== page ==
Media circus and bitter reality: 21 million jobs lost but nowhere on TV  

TRP ratings prove that Indian TV viewers prefer fiction over facts

Media circus and bitter reality: 21 million jobs lost but nowhere on TV  

Satyaki Chakraborty/IPA

The disparity between newspaper headlines and what the 24X7 TV news broadcasts daily couldn’t be any wider. If newspapers are frontpaging the unprecedented GDP growth rate contraction by - 23.9 per cent, or the fourdecade-high unemployment figures, with 21 million jobs lost in the wake of the COVID-19 induced lockdown, our TV channels are focused on hounding Rhea Chakraborty. Despite little evidence against the young actress, former girlfriend of the late Sushant Singh Rajput, Chakraborty is subjected to a daily witch-hunt, and if the BARC ratings are an indication, that’s exactly what the Indian news viewers want to see on their TV screens.

According to a report in the portal Newsminute, TV editors are quelling dissent in the newsroom by citing the soaring TV ratings, compelling the reporters to engage in the public mobbing, shoving and jostling of the 28-year-old actress, while she’s being summoned and arrested by government investigative agencies. Channels like Republic are pestering Chakraborty’s retired Army doctor father, the security guards in the building, the drivers, neighbours, and of course friends and family members. Reporters are stationed outside the multistorey building where the Chakrabortys live, and anyone going in or out, including officers of the Mumbai Police, are being subjected to humiliation, mistreatment and harassment.

As India overtook Brazil in the number of COVID-19 cases, and looks slated to push the USA to the second position in a matter of weeks, TV news saturates its coverage with Kangana Ranaut’s hysterical theatrics, ranting against the Mumbai Police, comparing Mumbai to Pakistan-occupied Kashmir and getting Y category from the central government as a reward for steering the narrative. As Kangana and Rhea become two opposite ends of a macabre show over the dead body of a talented actor whose battle with mental health ended tragically, our TV news remains committed to sinking even lower in its unethical pursuit of salacious ratings.

Could the proximity of the Bihar assembly elections alone explain TV channels’s unhealthy obsession with the SSR saga, the collective throwing of caution to the winds? Apparently not. The TV ratings prove that a majority of urban Indians are more interested in microscopically examining every tasteless fabrication shown in the name of news than they are in the number of mental health issues rising as a result of lockdown, unemployment and the general social hysteria. Instead of questioning the Union government on its multiple failures, Indians are transfixed by TV screens, consuming Rhea’s public humiliation and Kangana milking the controversy to suit herself.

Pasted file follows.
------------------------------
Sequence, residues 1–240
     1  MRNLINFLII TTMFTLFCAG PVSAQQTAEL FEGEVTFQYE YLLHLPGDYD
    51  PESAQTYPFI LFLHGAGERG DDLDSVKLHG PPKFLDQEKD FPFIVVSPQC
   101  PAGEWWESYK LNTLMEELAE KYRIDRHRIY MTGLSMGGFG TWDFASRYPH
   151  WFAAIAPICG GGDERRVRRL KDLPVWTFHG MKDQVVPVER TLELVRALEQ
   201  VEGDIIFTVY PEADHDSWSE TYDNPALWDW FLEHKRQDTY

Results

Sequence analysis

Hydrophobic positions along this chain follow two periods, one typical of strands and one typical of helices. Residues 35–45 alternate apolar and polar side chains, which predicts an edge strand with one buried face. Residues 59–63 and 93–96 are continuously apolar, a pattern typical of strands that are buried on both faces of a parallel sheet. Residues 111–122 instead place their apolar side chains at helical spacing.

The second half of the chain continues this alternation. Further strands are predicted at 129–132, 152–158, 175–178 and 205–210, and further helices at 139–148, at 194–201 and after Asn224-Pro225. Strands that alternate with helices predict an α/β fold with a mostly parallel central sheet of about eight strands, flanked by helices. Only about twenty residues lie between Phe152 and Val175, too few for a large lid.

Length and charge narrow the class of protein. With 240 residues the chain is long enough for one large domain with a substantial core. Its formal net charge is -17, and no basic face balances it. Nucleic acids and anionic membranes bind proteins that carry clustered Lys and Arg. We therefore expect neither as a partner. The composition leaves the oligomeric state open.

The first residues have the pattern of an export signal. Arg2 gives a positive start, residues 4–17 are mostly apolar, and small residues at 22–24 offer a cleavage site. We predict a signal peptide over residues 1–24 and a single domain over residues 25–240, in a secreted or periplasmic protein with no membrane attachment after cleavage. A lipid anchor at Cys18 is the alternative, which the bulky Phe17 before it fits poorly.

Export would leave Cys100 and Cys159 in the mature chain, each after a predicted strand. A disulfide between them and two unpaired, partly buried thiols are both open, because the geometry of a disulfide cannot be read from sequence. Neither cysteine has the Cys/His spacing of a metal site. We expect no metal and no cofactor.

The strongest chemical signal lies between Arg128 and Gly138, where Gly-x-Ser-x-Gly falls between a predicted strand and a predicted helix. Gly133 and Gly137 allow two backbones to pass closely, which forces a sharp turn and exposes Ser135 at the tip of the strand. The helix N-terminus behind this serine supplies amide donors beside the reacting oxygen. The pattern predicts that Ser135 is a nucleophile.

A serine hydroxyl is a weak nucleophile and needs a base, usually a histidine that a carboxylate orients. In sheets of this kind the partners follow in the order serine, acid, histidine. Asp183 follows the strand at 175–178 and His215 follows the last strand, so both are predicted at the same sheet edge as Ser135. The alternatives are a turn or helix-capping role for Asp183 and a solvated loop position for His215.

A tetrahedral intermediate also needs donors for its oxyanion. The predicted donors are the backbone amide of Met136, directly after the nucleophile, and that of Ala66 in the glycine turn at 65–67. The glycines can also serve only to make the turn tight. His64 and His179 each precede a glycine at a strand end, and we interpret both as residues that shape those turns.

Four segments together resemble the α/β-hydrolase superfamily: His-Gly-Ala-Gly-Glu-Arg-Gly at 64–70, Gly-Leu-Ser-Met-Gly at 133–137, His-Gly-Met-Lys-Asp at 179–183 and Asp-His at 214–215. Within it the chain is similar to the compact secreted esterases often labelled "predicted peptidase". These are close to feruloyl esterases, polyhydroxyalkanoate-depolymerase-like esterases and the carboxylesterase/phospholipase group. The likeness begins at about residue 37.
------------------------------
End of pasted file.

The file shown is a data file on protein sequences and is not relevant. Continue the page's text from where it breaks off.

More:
Almost 41,000 farmers and daily wagers took their lives in the past year, but only one suicide is holding the nation captive. Centre is saying it’s unable to pay the GST dues to the states, because of the economic contraction, thus endangering our federal structure even more. Economists like the World Bank’s Kaushik Basu, former RBI governors Raghuram Rajan and Urjit Patel, renowned academics like Arvind Panagariya, Jayati Ghosh, Amartya Sen, occupying different schools of economic thoughts, nevertheless agree that India’s economic situation is the worst since Independence, and will only go from bad to worse if governance doesn’t improve.

Yet, it seems TV editors consider a family tragedy and a limited investigation into an actor’s death more headline worthy than the multiple tragedies befalling the country now. As China gets more aggressive towards an increasingly diminished India, which it seems is economically sinking and socio-politically fracturing, the fourth estate prefers distraction over investigation, hounding the weak over questioning the powerful. What’s worse is that a whole lot of Indians prefer this elaborate fiction than the bitter truths taking our country down the rabbit hole of uncertainty. What could be more unfortunate than that?

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